Sunday, August 25, 2013

New H7N7 Bird Flu Strain Found in Chickens/ Human Cases of Avian Influenza A (H7N7) .An.old article post

An influenza A H7N9 virus as viewed through an electron microscope. Both filaments and spheres are observed in these photos.
photo credit: and

A new strain of bird flu that can infect and kill animals has been discovered in chickens in poultry markets in China, according to a new study published on Wednesday in the journal Nature.

Having studied samples from birds for the H7N9 virus, researchers at the University of Hong Kong said genetic tests suggested the virus entered domestic ducks from wild birds and then infected chickens, which are probably the origin of infection to humans.

The research team also discovered a new virus called H7N7 in chickens. Lab tests showed H7N7 was also able to cause severe pneumonia in ferrets, which are usually used as proxies for humans in flu research.

Zhu Huachen, one of the leading authors of the paper, told Xinhua that H7 viruses probably transferred from ducks to chickens on at least two independent occasions and that reassortment with H9N2 viruses generated the H7N9 outbreak lineage.

Although the H7N7 viruses carry only some of the molecular markers present in the human H7N9 isolates, the authors suggested the current pandemic threat could extend beyond H7N9 viruses, and that long-term influenza surveillance was essential for early warning of new viruses and interspecies transmission events.

H7N9 bird flu has killed 45 people on the Chinese mainland since the first human infection was confirmed in late March, a health official said last week..


Click for complete details I have another article posted last April 29, 2013:  

 Health- Seasonal Influenza(H7N9), Influenza Type A Viruses and Subtypes and People Should Get or Not Receive The Flu Shot(TIV)

Background: H
uman Cases of H7N7 Infection in The Netherlands

Since the end of February 2003, the Netherlands has been reporting outbreaks of highly pathogenic avian influenza A (H7N7) in poultry on several farms. More recently, there have been reports of H7N7 infections among pigs and humans in the Netherlands, and among birds in Belgium and Germany. While it is unusual for people to get influenza infections directly from animals, sporadic human infections and limited outbreaks caused by avian influenza A viruses, including H7N7, have been reported. When such infections are identified, public health authorities monitor the situation closely. Because influenza H7N7 viruses do not commonly infect humans, there is little or no antibody protection against these viruses in the human population. If an avian or other animal influenza virus is able to infect people, cause illness, and spread efficiently from person to person, an influenza pandemic could begin. Additional information on human infections with avian influenza viruses can be found here.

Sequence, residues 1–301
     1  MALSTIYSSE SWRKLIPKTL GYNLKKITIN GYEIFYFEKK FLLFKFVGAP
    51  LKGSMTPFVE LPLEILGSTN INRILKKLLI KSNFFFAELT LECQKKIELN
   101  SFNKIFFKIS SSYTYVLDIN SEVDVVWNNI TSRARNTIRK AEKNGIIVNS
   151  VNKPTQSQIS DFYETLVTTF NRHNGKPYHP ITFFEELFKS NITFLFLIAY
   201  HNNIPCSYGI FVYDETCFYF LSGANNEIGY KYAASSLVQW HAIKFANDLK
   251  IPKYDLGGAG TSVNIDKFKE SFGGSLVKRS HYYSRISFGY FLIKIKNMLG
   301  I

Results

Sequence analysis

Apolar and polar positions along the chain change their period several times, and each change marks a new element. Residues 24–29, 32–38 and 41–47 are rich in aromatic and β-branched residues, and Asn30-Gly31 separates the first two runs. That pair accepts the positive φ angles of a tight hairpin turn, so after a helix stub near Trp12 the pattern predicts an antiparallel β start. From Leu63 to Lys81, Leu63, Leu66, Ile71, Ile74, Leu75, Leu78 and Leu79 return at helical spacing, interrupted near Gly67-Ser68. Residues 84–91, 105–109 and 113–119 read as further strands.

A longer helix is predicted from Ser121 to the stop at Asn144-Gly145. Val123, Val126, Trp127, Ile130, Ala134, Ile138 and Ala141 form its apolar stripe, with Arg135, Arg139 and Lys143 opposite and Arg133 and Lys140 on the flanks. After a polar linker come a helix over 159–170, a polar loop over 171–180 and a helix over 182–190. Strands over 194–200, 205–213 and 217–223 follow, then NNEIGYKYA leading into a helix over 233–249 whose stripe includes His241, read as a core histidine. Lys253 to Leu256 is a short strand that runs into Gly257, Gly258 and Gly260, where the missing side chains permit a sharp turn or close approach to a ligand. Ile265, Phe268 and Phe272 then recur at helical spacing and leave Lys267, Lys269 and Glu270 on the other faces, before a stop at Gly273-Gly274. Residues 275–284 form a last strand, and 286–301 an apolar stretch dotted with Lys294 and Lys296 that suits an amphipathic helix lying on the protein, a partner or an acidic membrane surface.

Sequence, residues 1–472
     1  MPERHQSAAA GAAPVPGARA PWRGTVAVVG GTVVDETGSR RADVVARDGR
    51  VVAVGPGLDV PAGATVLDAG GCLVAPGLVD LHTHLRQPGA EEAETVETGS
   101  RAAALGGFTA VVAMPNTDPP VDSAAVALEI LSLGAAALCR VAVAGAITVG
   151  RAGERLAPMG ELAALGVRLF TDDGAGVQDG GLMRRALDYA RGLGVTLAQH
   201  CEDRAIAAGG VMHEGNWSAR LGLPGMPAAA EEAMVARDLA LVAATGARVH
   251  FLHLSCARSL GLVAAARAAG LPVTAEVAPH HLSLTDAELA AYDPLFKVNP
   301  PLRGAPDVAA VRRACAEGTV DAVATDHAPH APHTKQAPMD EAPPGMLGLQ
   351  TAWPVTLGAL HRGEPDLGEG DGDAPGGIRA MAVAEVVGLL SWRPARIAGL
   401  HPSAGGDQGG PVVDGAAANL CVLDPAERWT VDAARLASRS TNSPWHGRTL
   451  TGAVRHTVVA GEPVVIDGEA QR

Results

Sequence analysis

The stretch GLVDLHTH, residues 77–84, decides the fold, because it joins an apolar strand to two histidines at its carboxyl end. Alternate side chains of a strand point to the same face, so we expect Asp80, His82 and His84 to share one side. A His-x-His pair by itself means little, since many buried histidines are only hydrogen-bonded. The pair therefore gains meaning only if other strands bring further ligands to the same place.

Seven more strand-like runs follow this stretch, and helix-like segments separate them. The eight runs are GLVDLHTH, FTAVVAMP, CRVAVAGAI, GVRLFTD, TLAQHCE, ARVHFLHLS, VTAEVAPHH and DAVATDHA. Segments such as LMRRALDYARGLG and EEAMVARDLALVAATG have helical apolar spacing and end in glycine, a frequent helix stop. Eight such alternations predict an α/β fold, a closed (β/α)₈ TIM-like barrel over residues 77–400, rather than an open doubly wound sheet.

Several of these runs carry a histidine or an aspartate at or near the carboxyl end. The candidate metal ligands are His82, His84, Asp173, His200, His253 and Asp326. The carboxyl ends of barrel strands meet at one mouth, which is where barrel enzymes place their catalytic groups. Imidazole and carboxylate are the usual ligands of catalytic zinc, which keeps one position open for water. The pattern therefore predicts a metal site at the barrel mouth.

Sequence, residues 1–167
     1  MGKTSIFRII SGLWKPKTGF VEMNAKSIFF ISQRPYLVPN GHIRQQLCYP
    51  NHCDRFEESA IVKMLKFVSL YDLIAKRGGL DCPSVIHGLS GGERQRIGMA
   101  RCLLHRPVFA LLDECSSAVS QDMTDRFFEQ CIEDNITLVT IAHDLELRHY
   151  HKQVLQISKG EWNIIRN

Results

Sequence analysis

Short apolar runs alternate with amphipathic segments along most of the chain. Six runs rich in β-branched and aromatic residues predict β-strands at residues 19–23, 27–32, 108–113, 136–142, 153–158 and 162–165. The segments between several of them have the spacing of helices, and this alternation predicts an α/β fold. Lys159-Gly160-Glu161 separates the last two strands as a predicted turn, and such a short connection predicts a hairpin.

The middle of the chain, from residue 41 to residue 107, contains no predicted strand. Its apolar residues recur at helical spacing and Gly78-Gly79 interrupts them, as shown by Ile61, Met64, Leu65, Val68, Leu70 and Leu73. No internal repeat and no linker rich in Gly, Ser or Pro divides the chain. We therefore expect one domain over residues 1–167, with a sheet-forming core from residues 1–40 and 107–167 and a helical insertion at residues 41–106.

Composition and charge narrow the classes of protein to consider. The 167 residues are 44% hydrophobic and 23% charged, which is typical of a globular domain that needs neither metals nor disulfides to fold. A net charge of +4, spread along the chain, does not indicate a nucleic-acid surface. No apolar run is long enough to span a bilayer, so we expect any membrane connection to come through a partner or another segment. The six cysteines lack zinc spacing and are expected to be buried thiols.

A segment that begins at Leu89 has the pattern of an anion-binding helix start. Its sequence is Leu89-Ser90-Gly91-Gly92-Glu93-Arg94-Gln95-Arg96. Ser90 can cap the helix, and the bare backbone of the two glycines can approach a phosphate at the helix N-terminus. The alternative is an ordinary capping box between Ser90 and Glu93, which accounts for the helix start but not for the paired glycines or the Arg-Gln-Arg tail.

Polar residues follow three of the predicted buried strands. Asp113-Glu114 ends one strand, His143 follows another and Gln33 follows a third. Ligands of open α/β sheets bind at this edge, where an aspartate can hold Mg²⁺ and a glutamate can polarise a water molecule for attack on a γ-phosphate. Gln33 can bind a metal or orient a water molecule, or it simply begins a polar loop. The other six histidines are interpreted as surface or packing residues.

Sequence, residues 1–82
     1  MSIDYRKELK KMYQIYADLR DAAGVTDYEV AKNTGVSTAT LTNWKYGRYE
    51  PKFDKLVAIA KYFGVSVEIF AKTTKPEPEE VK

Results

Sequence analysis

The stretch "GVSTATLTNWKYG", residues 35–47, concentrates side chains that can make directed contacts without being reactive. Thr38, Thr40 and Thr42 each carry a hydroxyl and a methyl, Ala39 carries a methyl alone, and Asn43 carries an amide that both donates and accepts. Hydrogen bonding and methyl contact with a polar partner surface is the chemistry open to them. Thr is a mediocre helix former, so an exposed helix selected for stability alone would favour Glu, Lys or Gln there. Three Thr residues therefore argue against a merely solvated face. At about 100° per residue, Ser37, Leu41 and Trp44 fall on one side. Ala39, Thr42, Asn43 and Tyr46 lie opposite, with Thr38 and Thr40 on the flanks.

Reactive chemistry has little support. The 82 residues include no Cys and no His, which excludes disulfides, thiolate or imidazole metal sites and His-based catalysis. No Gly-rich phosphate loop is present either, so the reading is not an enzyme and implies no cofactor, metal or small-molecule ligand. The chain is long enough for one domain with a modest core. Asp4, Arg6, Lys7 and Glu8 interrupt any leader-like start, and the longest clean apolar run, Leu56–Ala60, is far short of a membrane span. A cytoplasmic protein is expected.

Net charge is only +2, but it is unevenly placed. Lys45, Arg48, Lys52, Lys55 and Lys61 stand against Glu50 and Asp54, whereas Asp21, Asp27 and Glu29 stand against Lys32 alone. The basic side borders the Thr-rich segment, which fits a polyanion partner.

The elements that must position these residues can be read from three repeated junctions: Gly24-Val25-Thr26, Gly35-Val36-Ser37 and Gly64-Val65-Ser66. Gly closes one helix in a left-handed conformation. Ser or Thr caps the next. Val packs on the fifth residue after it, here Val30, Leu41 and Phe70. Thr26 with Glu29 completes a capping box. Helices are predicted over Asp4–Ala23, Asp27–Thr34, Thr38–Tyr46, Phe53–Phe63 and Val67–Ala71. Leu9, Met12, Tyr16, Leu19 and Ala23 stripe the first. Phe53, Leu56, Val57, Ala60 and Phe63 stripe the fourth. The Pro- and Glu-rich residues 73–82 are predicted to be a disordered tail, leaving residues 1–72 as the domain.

As of April 25, 2003, the National Influenza Center in The Netherlands reported that 83 confirmed cases of human H7N7 influenza virus infections had occurred among poultry workers and their families since the H7N7 outbreak began in chickens at the end of February 2003. The vast majority (79) of these people had conjunctivitis, and 6 of those with conjunctivitis also reported influenza-like illness (ILI) symptoms (e.g., fever, cough, muscle aches). One person had ILI only (no conjunctivitis) and 2 persons had mild illness that could not be classified as ILI or conjunctivitis. In addition, one individual, a 57-year-old veterinarian who visited one of the affected farms in early April, died on April 17 of acute respiratory distress syndrome (ARDS) and related complications from H7N7 infection. Dutch authorities have reported evidence of possible transmission of H7N7 influenza from 2 poultry workers to 3 family members. All 3 family members had conjunctivitis and one also had ILI.

Public Health Monitoring

CDC is in communication with public health officials in the Netherlands and the World Health Organization (WHO) regarding the recent human cases of influenza A (H7N7) illness in the Netherlands and will continue to monitor the situation. CDC has begun production of a reagent kit that would allow laboratories to identify influenza A (H7N7) viruses. To enhance timely detection of any additional human influenza cases due to these viruses, WHO recommends that affected countries conduct enhanced surveillance for influenza among humans and animals and conduct studies to better understand possible transmission patterns. CDC and WHO have issued no restrictions on travel to the Netherlands. Additional information from WHO can be found at

Influenza in the United States

Influenza activity in the United States is at low levels. Influenza A (H1N1), A (H1N2), A (H3N2), and influenza B viruses have been identified in the United States during the 2002-03 season and have been well matched by the current influenza vaccine. The current vaccine does not protect against infection with the influenza A (H7N7) virus. U.S. residents who are traveling outside the United States should consult their physician for advice about whether they should be vaccinated against influenza and about the use of influenza antiviral medications.

This website is archived and is no longer being maintained or updated. For updated information on avian influenza, see the CDC Avian Influenza website and the World Health Organization (WHO) Avian Influenza Situation Update page.
Page last modified May 20, 2003 published on April 29, 2013